Q. I worry that my husband is not cut out to be a parent. We are finally past a super-stressful time with our baby, who was born prematurely and had health problems his first year. But he’s the same. He is short with our son, who is just starting to walk and is just a happy little boy, and he doesn’t initiate any play with him. He said he had always wanted children, but I have dark fears that he just isn’t enjoying himself at all. —Frustrated Wife
It could very well be true that he is not enjoying himself. But where you see a potentially less-than-stellar dad, I see a probably depressed man (and it’s not just these glasses). You describe an arduous and stressful first year with your baby. My guess is that he has not yet recovered from that. Irritability, apathy and lack of motivation are classic hallmarks of depression, which can rob a new parent of the ability to bond with his or her child. And yes, it can also be maddening to live with.
Convey your concerns that he doesn’t seem to be himself, or even happy, and how maybe it’s been tough to recover from the earlier stresses. Don’t make it a laundry list of the ways he’s falling short. He needs help, and you could use some support as well.
Dad’s dating, and it hurts
Q. My mother died of cancer a year ago. My father loved her through 33 years of marriage, and I know he went through a lot. But I don’t know how to deal now that he seems to be dating the mother of one of my childhood friends. She is a nice person and I know he deserves happiness but I feel like it is too soon, and that him dating someone he knew all throughout their marriage is a betrayal. I know it doesn’t make sense but I don’t know how to handle this. —Heartbroken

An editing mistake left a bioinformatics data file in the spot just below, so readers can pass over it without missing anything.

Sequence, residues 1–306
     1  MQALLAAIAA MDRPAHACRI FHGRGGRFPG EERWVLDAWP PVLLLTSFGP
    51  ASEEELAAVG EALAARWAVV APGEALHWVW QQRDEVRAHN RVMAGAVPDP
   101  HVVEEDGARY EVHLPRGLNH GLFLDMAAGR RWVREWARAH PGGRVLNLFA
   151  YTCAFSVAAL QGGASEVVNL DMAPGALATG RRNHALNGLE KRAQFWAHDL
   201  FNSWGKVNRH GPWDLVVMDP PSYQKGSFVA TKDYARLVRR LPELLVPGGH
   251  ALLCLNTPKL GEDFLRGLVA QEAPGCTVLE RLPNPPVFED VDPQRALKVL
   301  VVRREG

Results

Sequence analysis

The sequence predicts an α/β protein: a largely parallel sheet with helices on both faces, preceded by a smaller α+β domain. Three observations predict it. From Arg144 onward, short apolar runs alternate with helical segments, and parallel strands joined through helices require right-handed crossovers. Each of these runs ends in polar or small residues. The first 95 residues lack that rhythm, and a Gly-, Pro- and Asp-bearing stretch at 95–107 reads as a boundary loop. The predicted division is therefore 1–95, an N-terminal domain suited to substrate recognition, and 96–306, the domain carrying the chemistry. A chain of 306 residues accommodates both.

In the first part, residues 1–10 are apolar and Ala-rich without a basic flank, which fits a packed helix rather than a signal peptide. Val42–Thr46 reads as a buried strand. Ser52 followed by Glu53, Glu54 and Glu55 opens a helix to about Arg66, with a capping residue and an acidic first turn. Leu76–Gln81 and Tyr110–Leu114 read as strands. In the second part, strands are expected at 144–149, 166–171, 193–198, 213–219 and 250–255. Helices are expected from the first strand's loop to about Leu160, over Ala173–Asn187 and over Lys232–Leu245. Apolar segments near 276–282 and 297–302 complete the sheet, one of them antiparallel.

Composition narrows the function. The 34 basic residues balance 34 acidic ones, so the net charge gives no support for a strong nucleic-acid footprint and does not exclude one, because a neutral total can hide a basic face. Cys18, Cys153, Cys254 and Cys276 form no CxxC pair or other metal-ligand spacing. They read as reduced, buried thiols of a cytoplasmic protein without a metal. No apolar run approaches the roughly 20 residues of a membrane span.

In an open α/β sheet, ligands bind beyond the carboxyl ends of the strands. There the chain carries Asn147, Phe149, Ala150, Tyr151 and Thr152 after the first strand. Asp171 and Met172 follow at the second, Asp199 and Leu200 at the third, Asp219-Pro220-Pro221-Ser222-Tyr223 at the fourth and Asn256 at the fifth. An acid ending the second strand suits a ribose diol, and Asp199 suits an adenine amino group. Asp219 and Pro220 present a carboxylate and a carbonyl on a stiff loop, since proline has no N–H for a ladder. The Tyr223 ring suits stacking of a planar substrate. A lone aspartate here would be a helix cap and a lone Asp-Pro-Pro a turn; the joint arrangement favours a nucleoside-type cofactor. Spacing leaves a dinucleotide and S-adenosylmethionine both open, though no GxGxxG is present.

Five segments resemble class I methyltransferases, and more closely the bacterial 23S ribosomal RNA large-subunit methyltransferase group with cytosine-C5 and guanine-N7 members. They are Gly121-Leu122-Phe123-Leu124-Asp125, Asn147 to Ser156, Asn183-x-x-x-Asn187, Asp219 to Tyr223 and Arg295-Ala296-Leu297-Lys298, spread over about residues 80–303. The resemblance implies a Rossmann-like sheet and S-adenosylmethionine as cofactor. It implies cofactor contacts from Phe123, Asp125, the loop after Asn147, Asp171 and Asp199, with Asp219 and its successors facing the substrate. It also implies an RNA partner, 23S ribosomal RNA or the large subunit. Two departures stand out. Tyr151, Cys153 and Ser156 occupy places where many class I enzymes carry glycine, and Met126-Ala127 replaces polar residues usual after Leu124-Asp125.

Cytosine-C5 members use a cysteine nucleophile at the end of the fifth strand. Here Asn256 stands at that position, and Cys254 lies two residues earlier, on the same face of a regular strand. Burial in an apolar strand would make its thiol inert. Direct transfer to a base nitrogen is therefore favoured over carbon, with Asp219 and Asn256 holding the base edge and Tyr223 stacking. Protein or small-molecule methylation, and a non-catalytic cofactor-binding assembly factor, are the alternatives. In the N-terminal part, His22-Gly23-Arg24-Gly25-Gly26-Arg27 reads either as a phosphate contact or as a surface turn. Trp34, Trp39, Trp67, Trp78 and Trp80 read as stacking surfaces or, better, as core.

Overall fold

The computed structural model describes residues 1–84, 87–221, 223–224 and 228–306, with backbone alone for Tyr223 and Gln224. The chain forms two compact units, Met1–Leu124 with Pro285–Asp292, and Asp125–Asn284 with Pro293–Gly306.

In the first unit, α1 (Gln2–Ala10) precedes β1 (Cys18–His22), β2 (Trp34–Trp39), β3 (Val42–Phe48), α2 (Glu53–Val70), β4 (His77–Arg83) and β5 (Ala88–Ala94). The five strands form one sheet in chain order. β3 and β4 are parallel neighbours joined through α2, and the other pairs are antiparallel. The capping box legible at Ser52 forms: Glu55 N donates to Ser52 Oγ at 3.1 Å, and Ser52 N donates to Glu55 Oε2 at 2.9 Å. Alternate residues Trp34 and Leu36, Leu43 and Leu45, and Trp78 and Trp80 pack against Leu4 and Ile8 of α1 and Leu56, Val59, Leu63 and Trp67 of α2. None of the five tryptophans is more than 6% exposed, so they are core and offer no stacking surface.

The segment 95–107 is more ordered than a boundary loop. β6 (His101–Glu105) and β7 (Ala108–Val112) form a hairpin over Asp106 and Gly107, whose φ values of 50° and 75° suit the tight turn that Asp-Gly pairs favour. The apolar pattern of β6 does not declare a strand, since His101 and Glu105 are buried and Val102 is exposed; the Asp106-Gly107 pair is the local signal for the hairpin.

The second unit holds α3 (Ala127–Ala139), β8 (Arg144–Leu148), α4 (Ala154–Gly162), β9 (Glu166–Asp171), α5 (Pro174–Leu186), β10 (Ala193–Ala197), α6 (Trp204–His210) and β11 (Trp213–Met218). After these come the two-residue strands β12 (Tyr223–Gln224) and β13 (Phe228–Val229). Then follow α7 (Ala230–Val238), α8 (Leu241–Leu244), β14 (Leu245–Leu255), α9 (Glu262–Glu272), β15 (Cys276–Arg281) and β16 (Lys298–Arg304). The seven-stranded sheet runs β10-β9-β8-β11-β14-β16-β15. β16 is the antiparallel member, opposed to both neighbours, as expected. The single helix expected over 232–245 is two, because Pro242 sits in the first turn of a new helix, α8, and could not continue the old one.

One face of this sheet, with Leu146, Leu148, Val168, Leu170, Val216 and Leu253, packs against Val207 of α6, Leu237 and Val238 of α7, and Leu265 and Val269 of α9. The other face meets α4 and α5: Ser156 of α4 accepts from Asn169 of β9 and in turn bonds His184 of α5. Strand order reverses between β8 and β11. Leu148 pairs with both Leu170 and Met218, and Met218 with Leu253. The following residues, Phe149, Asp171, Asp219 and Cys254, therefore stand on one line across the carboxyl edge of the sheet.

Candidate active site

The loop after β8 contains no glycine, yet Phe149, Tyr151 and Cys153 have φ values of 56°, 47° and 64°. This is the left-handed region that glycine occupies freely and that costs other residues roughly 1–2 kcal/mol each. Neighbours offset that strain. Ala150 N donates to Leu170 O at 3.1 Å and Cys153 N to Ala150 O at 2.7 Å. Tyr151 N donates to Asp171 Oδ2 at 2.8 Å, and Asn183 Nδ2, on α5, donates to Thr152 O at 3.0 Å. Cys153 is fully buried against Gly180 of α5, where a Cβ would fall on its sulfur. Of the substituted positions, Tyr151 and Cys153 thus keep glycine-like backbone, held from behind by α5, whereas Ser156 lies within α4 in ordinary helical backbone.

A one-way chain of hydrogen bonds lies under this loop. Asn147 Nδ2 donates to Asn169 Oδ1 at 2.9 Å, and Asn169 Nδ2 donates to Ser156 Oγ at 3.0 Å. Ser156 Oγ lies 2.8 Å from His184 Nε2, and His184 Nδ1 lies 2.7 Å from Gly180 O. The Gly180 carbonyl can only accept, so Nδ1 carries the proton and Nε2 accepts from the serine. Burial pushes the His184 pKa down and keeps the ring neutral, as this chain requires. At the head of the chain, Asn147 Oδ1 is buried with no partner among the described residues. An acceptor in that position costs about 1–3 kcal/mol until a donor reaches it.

I’m sorry. Sometimes someone’s behavior can hurt others terribly, even if it’s not doing anything wrong. Your pain is natural and understandable, and yet your mindset is right in that your dad deserves to find happiness. In truth, his ability to embrace life again is a testament to hope, and a toast to the power of human connection, not a negation of his love for your mom. That this person knew your family while your mother was still alive may sting more in certain ways — again, your feelings are normal — but it’s a common scenario, as it brings comfort and familiarity. And it can actually help keep your mother’s memory alive, strange as that may seem. Give yourself time and space to feel all this; it’s part of grieving, and you’re human. A skilled counselor can help this transition.
Send your questions for Baggage Check to Dr. Andrea Bonior at email@example.com.
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